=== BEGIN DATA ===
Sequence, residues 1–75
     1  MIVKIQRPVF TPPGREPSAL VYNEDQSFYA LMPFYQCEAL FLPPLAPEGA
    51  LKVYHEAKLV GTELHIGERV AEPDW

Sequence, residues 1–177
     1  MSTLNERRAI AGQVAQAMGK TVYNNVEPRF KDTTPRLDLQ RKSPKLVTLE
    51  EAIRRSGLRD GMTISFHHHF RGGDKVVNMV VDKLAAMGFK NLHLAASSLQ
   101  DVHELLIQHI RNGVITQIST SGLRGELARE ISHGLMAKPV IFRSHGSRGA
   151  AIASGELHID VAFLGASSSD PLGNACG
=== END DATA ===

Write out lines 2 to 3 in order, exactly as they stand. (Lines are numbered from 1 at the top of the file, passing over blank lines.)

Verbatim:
     1  MIVKIQRPVF TPPGREPSAL VYNEDQSFYA LMPFYQCEAL FLPPLAPEGA
    51  LKVYHEAKLV GTELHIGERV AEPDW